2017. The university guarantees accommodation for all first-year, 
first-semester undergraduate students. Compared with its domestic peers, ANU 
has a large postgraduate cohort, with postgraduate enrolments representing 
about 44% of its full-time equivalent student base. We expect growth in 
student numbers to remain strong in 2018, but to moderate in future years. 
We note that ANU is in the process of introducing a new model for student 
admissions. From 2020, all undergraduates admitted to the university will be 
required to demonstrate evidence of having participated in cocurricular 
activities or community service alongside their secondary studies, and from 
2021 they will also be required to have taken English and mathematics in their 
senior secondary studies. It is too early to assess what effect this new model 
will have on student demand. 
The university is governed by a 15-member council, seven members of which are 
appointed by the federal minister for education and training. Day-to-day 
management is delegated to the vice-chancellor. The current vice-chancellor 
was first appointed for a five-year term in January 2016. ANU is a member of 
Australia's elite, research-focused "Group of Eight" universities, as well as 
the International Alliance of Research Universities and the Association of 
Pacific Rim Universities. Like all of its domestic peers, ANU is accredited by 
the Tertiary Education Quality and Standards Agency (TEQSA), the Australian 
government regulator. ANU produces financial statements on a calendar-year 
basis and is audited by the Australian National Audit Office. Like its peers, 
ANU does not release interim or half-yearly results. Its annual reports are 
tabled in the Australian parliament. 
--High level of financial resources and low debt service, though strong 
operating margin driven largely by international student fees-- 
ANU derives its revenue from a range of sources, including Commonwealth Grant 
Scheme (CGS) funding, research grants, tuition fees, and funding from 
government departments for commissioned research. The university has an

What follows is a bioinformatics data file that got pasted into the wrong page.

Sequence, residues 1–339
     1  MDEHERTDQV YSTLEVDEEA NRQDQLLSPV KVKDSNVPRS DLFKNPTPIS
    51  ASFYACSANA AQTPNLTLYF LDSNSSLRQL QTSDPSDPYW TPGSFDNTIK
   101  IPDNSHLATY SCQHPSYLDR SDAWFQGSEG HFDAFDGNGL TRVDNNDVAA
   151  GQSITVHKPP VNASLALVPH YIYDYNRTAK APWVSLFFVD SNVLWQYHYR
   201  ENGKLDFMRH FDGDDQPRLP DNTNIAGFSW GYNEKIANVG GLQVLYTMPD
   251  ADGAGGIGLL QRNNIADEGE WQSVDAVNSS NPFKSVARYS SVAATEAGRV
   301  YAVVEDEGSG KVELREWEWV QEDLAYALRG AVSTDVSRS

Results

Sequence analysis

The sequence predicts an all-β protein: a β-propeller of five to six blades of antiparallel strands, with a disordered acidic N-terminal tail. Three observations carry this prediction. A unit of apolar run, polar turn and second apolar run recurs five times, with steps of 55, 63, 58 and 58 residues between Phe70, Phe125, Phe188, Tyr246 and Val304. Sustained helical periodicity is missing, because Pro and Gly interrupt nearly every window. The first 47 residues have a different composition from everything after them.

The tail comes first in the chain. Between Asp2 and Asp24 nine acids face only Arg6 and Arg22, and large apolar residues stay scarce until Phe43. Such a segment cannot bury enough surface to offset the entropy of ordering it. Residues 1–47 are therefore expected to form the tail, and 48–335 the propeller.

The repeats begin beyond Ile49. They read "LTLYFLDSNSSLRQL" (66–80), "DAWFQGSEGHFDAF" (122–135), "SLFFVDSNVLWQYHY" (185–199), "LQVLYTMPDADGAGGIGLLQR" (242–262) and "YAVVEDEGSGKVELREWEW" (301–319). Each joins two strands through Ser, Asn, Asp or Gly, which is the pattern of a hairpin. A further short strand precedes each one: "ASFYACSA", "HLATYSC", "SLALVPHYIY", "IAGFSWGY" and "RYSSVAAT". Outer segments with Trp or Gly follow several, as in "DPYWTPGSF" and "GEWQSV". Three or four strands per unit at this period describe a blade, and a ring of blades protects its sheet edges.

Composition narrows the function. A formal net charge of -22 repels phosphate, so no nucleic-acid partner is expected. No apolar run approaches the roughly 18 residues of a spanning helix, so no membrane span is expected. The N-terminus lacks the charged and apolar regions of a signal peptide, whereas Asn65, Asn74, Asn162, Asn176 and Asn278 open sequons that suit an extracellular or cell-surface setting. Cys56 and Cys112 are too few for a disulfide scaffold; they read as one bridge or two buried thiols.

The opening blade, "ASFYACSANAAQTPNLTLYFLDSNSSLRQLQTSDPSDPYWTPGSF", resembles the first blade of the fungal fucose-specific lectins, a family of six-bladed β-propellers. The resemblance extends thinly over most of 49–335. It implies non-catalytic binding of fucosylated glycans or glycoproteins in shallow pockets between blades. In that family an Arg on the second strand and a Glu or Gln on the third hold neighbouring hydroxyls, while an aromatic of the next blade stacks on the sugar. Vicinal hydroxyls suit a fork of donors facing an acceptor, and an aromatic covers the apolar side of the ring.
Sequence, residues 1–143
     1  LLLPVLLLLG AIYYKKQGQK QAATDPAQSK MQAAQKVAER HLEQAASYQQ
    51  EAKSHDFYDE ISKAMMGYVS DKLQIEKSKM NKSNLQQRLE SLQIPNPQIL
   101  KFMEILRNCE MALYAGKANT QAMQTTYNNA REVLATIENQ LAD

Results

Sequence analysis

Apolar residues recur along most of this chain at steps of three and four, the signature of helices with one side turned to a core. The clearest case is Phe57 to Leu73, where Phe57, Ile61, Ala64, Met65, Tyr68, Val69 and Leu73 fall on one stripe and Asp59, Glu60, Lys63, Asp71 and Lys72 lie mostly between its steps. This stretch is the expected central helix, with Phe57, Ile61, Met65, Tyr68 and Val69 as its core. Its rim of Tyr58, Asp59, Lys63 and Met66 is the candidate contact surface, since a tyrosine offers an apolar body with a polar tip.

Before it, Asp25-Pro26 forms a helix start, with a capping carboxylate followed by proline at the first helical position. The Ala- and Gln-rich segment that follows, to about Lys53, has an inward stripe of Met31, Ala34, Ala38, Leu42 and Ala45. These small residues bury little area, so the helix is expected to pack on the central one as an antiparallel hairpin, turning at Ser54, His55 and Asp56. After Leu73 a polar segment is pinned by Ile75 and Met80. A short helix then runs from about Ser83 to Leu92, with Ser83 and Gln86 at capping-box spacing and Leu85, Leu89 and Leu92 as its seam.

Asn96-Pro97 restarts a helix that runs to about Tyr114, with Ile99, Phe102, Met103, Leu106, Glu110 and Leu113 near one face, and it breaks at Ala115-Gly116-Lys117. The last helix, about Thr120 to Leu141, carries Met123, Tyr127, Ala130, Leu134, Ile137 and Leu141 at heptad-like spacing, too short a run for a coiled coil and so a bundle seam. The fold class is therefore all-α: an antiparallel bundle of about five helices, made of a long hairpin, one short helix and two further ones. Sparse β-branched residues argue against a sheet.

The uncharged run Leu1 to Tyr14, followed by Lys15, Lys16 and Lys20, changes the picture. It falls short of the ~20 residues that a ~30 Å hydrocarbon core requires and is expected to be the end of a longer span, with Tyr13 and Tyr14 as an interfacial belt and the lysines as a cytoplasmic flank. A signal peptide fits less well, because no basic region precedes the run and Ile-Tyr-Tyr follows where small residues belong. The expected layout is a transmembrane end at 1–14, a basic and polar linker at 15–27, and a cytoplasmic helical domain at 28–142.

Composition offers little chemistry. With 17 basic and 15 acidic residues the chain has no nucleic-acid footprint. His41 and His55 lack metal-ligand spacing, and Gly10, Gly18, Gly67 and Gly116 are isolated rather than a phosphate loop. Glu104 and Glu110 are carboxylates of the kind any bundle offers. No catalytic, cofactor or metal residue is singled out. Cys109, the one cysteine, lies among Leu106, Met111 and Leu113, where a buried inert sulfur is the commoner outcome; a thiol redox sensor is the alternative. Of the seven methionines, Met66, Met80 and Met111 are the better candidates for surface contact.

excellent track record in winning competitive grants from the Australian 
Research Council, the National Health and Medical Research Council, and other 
grant providers. Uniquely among Australian universities, ANU also receives 
about A$197 million from the Australian government in the form of a National 
Institutes Grant, which allows it to pursue research in areas of public policy 
In December 2017, the Australian government announced changes to its 
higher-education policy settings with immediate effect. For 2018 and 2019, the 
government will cap the funding it provides to universities under the CGS, 
which supports the teaching of domestic bachelor degree students, at 2017 
levels. From 2020, CGS funding will resume growing, in line with adult 
population growth, but only if universities meet certain performance 
requirements, which the government has not yet specified. We believe these 
changes will have minimal impact on ANU, given its smaller undergraduate 
cohort and strong revenue streams from other sources, particularly 
full-fee-paying students, who are unaffected by the CGS changes. The December 
2017 announcement replaces an earlier package of government reforms, proposed 
in the 2017-18 fiscal budget, that did not pass the Australian Senate. 
ANU has posted average operating margins of 9.4% of total operating expenses 
between 2015 and 2017, based on our three-year weighted-average measure. The 
very strong operating result of 15% in 2017 was mainly due to improved income 
from foreign students and, to a lesser extent, increased research funding. 
Expenses growth was primarily driven by employee-related expenses and 
severance payments under a voluntary early retirement scheme. During 2017, ANU 
negotiated a new enterprise agreement with its workforce, which will see 
salaries for permanent employees increase 2% in 2018-2019, A$1,800 in 
2019-2020, and 2% per annum thereafter. ANU's revenue flexibility is somewhat 
limited by legislated caps on domestic student tuition fees, and expenditure 
flexibility is constrained by the high proportion of employee expenses in its 
cost base. 
Like its domestic peers, ANU has benefited from rapid growth in fee-paying 
foreign students, particularly from North Asia, and we expect this trend to 
continue in the near term. Revenue from fee-paying onshore foreign students 
grew 33% year on year in 2017 to A$249 million. Foreign students make up about 
40% of ANU's full-time equivalent student base. We consider that the 
concentration in students from North Asia presents an element of risk to 
Australian universities, particularly because student flows could be 
susceptible to geopolitical factors that are outside of a university 
management's control. Nevertheless, we believe ANU would likely maintain sound 
operating surpluses if foreign student demand were to ebb. 
ANU is currently in the middle of a large capital development program. 2017